Private Companies Are Scanning Your License Plate And Location, Selling The Data

When you hear the phrase “vast hidden network of cameras that scan license plates,” what do you think of? The police? The Department of Homeland Security? While the government and privacy advocates argue over government use of plate-scanning data, private companies are already collecting and selling that data with little regulation.

The Boston Globe’s BetaBoston brought this industry to our attention. There happens to be a bill up for discussion right now that would ban private-sector license plate data collection and scanning in Massachusetts.

The most logical private-sector application of this technology is to track down and collect cars with delinquent payments. Indeed, many cameras are mounted on tow trucks or unmarked cars belonging to recovery companies. Spotter cars love to check office parking lots during the day, and malls and sporting events on weekends and after hours.

Okay, but you’re current on your car payments, so you have nothing to worry about. Right? Nope. The plate-scanning companies don’t just erase all of that data. They’re keeping a massive database of which cars were in which locations at what time. Government entities have to purge their data, but private companies don’t. It’s all for sale. If you’re out driving or parked on the street, after all, your plate is visible to everyone. Cameras too. Here’s a visual primer on how it works.

“I fear that the proposed legislation would essentially create a safe haven in the Commonwealth for certain types of criminals, it would reduce the safety of our officers, and it could ultimately result in lives lost,” the vice president of marketing for Vigilant said in his testimony at a transportation committee meeting today. Vigilant just happens to be the parent company of Digital Recovery Network, or DRN, a company that sells plate-scanning cameras and the data they collect.

This has been really great for the recovery industry, and we don’t begrudge banks taking back cars once the owners have defaulted on their loans. Well, as long as they have the right car. It’s the “collecting and selling the data” thing that most people have more trouble with. DRN claims that it has scans about 40% of the vehicles in the United States at least every year, and competitor TLO brags that its cameras have probably seen every car in the country at least once, and they have a database of over a billion sightings of individual cars ready for companies to mine. Who’s searching this data? Who the hell knows? Private investigators can use it. So can insurance companies.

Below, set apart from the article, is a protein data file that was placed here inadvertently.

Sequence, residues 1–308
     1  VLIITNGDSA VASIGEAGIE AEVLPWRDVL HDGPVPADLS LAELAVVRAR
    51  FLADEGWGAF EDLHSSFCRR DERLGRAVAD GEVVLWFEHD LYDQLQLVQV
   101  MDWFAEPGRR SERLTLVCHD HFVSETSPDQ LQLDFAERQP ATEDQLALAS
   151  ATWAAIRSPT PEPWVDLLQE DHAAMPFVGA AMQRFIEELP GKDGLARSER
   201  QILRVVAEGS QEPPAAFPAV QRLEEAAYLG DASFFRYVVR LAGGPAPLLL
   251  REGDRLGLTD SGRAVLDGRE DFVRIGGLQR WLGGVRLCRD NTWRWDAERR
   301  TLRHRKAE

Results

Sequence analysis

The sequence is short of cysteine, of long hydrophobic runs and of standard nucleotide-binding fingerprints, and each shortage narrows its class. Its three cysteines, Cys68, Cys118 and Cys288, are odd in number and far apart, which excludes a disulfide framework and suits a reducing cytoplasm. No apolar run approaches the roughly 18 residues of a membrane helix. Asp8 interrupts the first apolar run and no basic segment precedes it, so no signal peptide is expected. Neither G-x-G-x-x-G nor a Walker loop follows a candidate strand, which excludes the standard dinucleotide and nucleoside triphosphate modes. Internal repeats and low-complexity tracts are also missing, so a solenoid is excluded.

(TLO marketing materials)

(TLO marketing materials)

A vast hidden surveillance network runs across America, powered by the repo industry [BetaBoston]

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  1. jackless says:

    Only works in states with front license plates. That’s one reason to always back into a parking space or pull through and face out. Or, just put a magnetic sticker on your plate when parking.

  2. furiousd says:

    One of the applications of my research is in enhancing images of number plates to make automated recognition easier. While I, too, don’t like the idea of someone having access to aggregated data of my regular routine I also realize that when I’m in public I have no expectation of such privacy. I like [jackless]’s observation of simple measures that can be taken to prevent this. I also wonder about a system that used this sort of tech: http://ch00ftech.com/2012/10/27/qr-clock/

    In the original development, it was done as sort of an art piece as an ‘unreadable’ clock. If the same thing were applied to license plates, then only if a person (say a police officer, bail bondsman, insurance rep looking for a specific car) could read the plate. The PWM of the LEDs would prevent automated capture and processing with a camera, so places that collect your plate automatically would go out because of the increased cost and inherent inaccuracy of a person-based system of logging. If this was legal to put on your car, it wouldn’t be too expensive to do. I doubt any municipality would get on board though.

    • LooseSasquatch says:

      While I understand that I don’t have any expectation of privacy out in public, I don’t think the people who wrote that law ever envisioned a scenario where your every move would be recorded and searchable for all eternity as a matter of course. I think you don’t have the expectation of privacy for the companies to scan you license individually (such as to check if you are a candidate for being towed/repossessed), but I think that the law needs to be updated, because the spirit of the law is being broken by having your every move recorded and searchable by any entity who has a few bucks. The government shouldn’t even be able to store these records for more than a short period of time (like say 90 days). Any longer than that, and we start getting into panopticon territory. . .

      Lastly, to the owner of this company who uses the threat that if they ban this practice, then it’s POSSIBLE that the lives of a police officer will be lost. Um, that is not a valid excuse for wholesale invasion of privacy of regular citizens who are not suspected of any crime. Cops sign up for the job and know what to expect. We can’t go around violating the rights of every citizen in the off chance that it will save one of the precious unicorns in a blue uniform. . .

      • EducationalGeek says:

        You say in public…problem is that office parking lots are not public property. Unless the property owners have a written agreement with a recovery company then you can sue and get your vehicle back.